News: Terracotta Distributed Shared Objects 3.0 released
Terracotta has announced the release of Terracotta 3.0, adding a new operations center, a very nice developer console that shows you the health and performance of your cluster, and adding many new certified platforms. Terracotta provides a distributed object heap, where you specify a set of instances and class types as being shared among various JVMs. The client connects to a DSO server in a form of hub and spoke network architecture, and any changes to the shared objects get propagated to every other participating client JVM. The servers can be striped and can also manage hot failover between primaries and backups. The developer console looks particularly nice, showing heap and runtime statistics information, as well as diagnostics covering your cluster performance. DSO comes in an "ES" edition, which is OSS and lacks some of the more sophisticated networking capabilities, and also has commercial versions which provide access to the full feature set. See What's New In Terracotta 3.0 for more information.
- Posted by: Joseph Ottinger
- Posted on: April 16 2009 14:08 EDT
- Re: Terracotta Distributed Shared Objects 3.0 released by Jose Maria Arranz on April 17 2009 03:23 EDT
- Re: Terracotta Distributed Shared Objects 3.0 released by ARI ZILKA on April 18 2009 11:58 EDT
I'm praying Google to support sticky sessions in Google App Engine (GAE). GAE only supports replicated sessions and this is a serious problem for AJAX intensive server centric frameworks, because the state in server may be really complex. Transmitting the whole object tree in server in serialized form to the distributed sessions when something changes in a concrete server instance, is a really really bad idea. The other option is to define a granular mechanism to propagate small changes, achieving this objective deeply pollutes the source code of the framework, unless you use an AOP approach... Then Terracotta comes to us to save world with this kind of solution :) I've not tried Terracotta but I know the power of AOP and bytecode enhancement because I'm using it in a product of mine (JNIEasy). In fact Google is already using bytecode enhancement in GAE with DataNucleus. Please Google please, add Terracotta to GAE if you don't want to add sticky sessions. Of course including both options is better :)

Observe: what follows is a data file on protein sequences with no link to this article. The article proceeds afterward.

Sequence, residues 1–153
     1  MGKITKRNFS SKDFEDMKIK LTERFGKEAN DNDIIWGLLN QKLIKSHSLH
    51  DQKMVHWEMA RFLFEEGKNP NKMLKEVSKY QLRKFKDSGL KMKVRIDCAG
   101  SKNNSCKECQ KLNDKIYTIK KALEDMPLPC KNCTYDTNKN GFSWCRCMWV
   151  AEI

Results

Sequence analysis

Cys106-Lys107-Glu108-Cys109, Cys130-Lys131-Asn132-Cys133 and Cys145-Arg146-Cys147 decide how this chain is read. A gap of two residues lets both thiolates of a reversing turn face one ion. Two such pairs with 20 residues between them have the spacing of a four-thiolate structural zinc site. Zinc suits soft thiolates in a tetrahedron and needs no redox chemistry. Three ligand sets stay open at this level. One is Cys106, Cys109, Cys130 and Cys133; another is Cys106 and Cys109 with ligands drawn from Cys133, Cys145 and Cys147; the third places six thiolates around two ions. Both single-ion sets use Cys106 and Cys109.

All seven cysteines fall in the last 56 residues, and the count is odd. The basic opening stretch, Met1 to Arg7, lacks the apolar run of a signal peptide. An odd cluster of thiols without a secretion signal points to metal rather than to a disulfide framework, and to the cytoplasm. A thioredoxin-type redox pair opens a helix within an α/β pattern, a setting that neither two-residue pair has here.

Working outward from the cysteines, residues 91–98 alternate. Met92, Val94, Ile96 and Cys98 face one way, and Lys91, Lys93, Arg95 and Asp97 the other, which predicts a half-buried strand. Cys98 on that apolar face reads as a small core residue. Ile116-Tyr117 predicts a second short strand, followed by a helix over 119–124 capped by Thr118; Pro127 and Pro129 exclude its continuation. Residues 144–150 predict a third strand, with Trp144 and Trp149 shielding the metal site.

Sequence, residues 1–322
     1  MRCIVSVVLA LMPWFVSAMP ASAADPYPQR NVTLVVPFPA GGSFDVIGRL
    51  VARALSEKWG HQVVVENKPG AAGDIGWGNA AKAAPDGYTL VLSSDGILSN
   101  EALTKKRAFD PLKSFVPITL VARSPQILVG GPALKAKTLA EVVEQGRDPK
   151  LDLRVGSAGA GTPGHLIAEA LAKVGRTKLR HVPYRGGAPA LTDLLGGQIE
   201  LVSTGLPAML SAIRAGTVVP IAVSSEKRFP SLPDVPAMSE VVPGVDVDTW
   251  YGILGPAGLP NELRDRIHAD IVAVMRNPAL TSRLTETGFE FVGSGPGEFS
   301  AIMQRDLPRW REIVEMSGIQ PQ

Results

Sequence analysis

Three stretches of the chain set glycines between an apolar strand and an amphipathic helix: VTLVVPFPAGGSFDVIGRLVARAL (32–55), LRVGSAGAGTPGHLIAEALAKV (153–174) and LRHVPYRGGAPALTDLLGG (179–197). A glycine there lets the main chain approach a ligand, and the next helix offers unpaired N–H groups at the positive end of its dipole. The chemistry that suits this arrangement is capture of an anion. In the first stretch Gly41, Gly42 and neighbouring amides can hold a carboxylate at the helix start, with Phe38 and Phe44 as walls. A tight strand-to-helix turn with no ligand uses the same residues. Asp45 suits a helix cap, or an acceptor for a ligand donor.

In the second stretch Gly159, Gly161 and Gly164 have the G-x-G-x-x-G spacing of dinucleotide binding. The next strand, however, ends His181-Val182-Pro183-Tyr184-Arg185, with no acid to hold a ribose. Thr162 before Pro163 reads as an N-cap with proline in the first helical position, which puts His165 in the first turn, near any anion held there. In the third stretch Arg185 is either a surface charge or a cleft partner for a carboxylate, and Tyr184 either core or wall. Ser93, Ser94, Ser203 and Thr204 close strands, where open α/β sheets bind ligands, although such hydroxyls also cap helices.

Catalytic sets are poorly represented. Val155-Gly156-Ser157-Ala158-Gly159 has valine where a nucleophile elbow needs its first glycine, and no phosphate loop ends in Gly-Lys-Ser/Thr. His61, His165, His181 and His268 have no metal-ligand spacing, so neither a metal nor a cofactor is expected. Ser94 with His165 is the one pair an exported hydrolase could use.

Please Google please, add Terracotta to GAE if you don't want to add sticky sessions. Of course including both options is better :)Jose, Thanks for urging Google to pay attention to the reality of Java apps out there. As I understand it, they don't allow threads nor do they allow socket connections. Instead they give you a memcache-style API to bigtable or something--haven't looked too closely. Anyways, if they want to compete with EC2 and allow Java developers to build "real" apps, they will have to change their thinking. Specifically, most apps contain: Spring; Hibernate; Tomcat or Jetty or Glassfish; and a relational DB like Oracle or MySQL or Postgres. Terracotta's job is to get inside that stack sandwich and make it all faster and cheaper to run by offloading the db by 70% or more. But Google is pushing for their own stack design which never was bottlenecked by a database. Makes sense for them...this is what they are best at. Just makes less sense for the rest of us, IMO. We'll see how it plays out over time :) Cheers, --Ari